Trained at Elmhurst Ballet School and KS Dance, British dancer Rebecca Haw openly admits she struggled to audition for companies. After two years, she landed her first contract at the Romanian National Opera in Bucharest, dancing in the body before being promoted to first soloist. In 2016, however, his position became unstable. “Foreigners in the company weren’t as welcome anymore,” she says, referring to a period of political upheaval in Romania. “We lost our director, Johan Kobborg, and a lot of dancers also left.”
Haw initially stayed with the company under the new manager, but it was clear from the start that it wasn’t going to work. “I lost most of my roles and got demoted,” Haw says. She cut her losses and moved on mid-season, eventually securing a guest contract at the Semperoper Dresden which became her current permanent position.
Given Haw’s tumultuous career path, it’s no surprise that she wants to help other dancers navigate the minefield of securing and maintaining fair employment. Having already launched The Audition Educator – a collection of online courses giving audition advice to professional dancers – in 2020, she went even further in January this year by creating CODA, a pioneering classical ballet agency that Haw considers as the first of its kind.
Although Haw had been researching ideas around CODA for years, it wasn’t until a lightbulb moment during lockdown in November 2021 that she held an all-night whiteboard session and mapped out a structure and a vision for the agency.
Aiming to give classical dancers “the pedestal they deserve,” CODA strives to bridge the gap between performers and companies, alleviating frustrations on both sides. “In general, dancers don’t know how to talk professionally with companies. I understand; I’ve been there,” Haw says. “We encourage our dancers to let us manage communications, especially around finances and working hours.”
CODA currently represents 17 dancers of various ranks, including Houston Ballet principal Skylar Campbell and former San Francisco Ballet soloist Madison Keesler, as well as freelancers. To date, CODA has secured a range of freelance gala and festival performances from its signatories, as well as a major short-term contract.
The agency also supports some corps members, but Haw thinks the best way for CODA to help them is to help the companies’ recruitment processes. “Obviously, the final decisions will always rest with the directors, but we want to help them by shortlisting the thousands of applications they receive and making sure they get dancer selections that are right for them and vice versa,” says -she. “It will also save dancers from wasting time and money going to auditions they’re not cut out for.”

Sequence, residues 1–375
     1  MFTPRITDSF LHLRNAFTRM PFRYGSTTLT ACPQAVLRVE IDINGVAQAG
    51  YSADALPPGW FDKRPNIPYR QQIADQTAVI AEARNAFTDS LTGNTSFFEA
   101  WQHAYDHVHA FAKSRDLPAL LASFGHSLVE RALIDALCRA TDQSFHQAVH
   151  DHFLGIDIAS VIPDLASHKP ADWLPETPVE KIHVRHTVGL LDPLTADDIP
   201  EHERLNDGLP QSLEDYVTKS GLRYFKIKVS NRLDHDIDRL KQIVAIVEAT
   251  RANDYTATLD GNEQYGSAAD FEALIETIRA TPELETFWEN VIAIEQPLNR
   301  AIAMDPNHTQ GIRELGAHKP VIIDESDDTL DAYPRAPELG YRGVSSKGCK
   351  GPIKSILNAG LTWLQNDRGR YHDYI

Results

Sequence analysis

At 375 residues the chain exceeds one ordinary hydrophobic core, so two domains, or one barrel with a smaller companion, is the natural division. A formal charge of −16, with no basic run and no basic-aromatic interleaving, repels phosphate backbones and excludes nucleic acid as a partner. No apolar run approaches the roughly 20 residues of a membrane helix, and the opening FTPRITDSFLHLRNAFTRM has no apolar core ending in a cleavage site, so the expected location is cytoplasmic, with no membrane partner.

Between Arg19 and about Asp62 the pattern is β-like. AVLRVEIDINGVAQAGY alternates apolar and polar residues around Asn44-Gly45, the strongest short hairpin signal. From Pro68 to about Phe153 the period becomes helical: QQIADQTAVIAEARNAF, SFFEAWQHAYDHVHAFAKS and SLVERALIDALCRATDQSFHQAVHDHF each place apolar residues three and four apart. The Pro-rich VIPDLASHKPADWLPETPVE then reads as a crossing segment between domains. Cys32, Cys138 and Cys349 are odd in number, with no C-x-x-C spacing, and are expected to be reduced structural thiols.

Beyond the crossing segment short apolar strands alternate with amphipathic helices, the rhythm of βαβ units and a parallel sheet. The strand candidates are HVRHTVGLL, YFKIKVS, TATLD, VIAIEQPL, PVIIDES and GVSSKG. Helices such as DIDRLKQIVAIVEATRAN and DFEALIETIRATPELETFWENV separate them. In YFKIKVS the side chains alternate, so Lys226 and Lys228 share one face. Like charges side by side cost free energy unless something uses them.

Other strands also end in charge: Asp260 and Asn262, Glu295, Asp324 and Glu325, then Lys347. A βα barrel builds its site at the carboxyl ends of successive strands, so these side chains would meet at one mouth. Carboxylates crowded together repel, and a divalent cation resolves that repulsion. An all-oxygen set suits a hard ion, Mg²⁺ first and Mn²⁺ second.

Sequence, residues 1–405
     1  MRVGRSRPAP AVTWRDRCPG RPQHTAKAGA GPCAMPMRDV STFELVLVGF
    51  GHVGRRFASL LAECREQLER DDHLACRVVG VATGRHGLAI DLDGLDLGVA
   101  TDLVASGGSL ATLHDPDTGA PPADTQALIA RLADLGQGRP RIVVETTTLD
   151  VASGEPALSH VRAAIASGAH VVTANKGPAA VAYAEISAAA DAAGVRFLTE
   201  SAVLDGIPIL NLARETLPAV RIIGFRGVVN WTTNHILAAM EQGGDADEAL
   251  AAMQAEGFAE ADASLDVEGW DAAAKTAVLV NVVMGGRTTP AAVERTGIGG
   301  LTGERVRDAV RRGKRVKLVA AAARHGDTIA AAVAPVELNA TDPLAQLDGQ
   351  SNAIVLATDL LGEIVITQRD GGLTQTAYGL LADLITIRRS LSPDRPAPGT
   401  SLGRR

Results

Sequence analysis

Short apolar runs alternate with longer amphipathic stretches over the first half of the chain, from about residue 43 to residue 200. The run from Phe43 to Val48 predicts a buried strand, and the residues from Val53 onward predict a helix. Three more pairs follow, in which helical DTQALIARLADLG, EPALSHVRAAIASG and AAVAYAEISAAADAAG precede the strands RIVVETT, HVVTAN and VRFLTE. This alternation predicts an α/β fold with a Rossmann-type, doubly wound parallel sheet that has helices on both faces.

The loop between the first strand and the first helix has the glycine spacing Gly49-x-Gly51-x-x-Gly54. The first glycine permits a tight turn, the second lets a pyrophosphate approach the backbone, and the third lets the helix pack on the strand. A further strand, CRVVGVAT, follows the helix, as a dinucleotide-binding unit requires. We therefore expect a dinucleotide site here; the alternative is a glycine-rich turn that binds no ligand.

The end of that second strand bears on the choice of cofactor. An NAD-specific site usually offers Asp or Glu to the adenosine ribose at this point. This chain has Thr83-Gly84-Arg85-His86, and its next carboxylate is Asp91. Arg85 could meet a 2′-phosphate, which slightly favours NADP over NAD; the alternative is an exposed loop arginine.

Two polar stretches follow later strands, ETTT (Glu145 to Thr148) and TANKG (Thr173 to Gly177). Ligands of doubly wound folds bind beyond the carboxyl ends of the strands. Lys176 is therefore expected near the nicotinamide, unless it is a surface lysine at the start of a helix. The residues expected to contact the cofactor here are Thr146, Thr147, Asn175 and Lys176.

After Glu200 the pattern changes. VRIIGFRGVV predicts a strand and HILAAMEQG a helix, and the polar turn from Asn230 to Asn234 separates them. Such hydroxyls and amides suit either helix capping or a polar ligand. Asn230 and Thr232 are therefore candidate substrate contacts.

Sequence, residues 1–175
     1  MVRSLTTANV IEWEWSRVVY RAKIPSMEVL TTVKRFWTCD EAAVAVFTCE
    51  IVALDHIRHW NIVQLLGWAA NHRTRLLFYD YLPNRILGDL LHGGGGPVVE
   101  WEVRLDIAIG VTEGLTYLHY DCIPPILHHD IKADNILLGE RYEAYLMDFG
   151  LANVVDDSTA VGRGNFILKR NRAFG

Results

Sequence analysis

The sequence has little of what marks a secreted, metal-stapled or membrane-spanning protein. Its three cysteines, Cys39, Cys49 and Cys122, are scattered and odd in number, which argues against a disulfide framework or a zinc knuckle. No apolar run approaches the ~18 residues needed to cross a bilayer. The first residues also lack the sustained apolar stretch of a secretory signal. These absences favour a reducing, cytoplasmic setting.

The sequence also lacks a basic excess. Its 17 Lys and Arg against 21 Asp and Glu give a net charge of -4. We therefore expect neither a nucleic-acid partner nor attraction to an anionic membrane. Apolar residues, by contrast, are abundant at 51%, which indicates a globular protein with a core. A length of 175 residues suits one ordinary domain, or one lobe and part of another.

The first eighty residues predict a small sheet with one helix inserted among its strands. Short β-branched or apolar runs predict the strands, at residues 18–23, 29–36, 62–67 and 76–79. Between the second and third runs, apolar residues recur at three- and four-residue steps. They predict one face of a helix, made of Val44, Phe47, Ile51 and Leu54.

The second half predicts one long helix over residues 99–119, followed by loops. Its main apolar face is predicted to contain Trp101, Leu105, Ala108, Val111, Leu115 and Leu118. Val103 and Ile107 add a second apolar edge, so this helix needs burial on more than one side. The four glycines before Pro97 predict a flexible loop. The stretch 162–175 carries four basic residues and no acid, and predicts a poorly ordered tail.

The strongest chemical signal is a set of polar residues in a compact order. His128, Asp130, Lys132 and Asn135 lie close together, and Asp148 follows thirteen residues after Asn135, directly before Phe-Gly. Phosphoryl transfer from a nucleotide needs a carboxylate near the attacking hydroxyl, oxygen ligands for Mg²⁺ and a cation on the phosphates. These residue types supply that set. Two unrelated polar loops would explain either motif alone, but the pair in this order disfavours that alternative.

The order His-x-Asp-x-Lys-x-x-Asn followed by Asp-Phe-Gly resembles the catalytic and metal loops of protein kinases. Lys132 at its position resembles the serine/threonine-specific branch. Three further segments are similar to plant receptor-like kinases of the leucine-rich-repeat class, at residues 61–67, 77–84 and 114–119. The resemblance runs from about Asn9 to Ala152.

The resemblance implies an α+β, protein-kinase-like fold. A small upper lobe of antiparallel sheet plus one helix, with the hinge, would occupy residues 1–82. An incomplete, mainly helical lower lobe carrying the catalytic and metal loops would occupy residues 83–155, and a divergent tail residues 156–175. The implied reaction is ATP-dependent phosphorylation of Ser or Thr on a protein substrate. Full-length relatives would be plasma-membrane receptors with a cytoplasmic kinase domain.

Although Haw initially thought directors would be reluctant to give up some control over recruiting, she has already struck a deal to handle the big company shortlist next season. “I never thought this would happen,” says Haw. “That was the end goal of our five-year plan.”
By recruiting for companies, Haw may be able to help reverse some of the biases implicit in the world of classical ballet that prevent dancers from succeeding. “The stakes of classical ballet are vast. That’s why I wanted to start CODA while I was still playing – you hear a lot more when you’re in than when you’re not. Simple steps CODA has already taken to mitigate bias in its own operations include not categorizing dancers by gender and not publishing details of their weight. “We evaluate all dancers based on their ability, artistry, potential and suitability for positions rather than any other check-off category. We want to pass that approach on to the companies we end up working with,” says Haw. “I also seek training and self-study from various resources. Dance Data Project has been great.
Running CODA while playing Semperoper might seem like a daunting task, but Haw says she’s “always worked alongside work.” She also runs a digital marketing agency that she founded five years ago. At 20, she started offering freelance digital marketing services to pay for her tips while working at the Romanian National Opera. “For that, I would take on more work during the summer and reduce it if I did Swan Lakefor example.”
CODA, however, was less easy to control, due to its novelty. “How quickly things exploded was a shock to the system,” she says. “A few hours after the launch, we had soloists and principals from all over the world who sent in their CVs. I had to hire an additional assistant after a week.
Now, CODA has a team of two online assistants, two classical ballet experts to help vary pre-selection and manage new ideas and processes, and a social media community manager. “I also use today’s tools, such as AI editors or appointment scheduling systems, so that I can give what I don’t need or like to machines or people. other people,” says Haw.
The team will need to grow to accommodate Haw’s ambitious plans, from setting up press teams to expanding CODA’s representation to include choreographers, guest teachers, ballet masters and even pianists and conductors. “We have found one of the best Applicant Tracking Systems and tailored its functionality to the needs of business owners and other employers, allowing CODA to accept more job seekers” , she says. “Anything the classical world comes in contact with, we’ll cover.”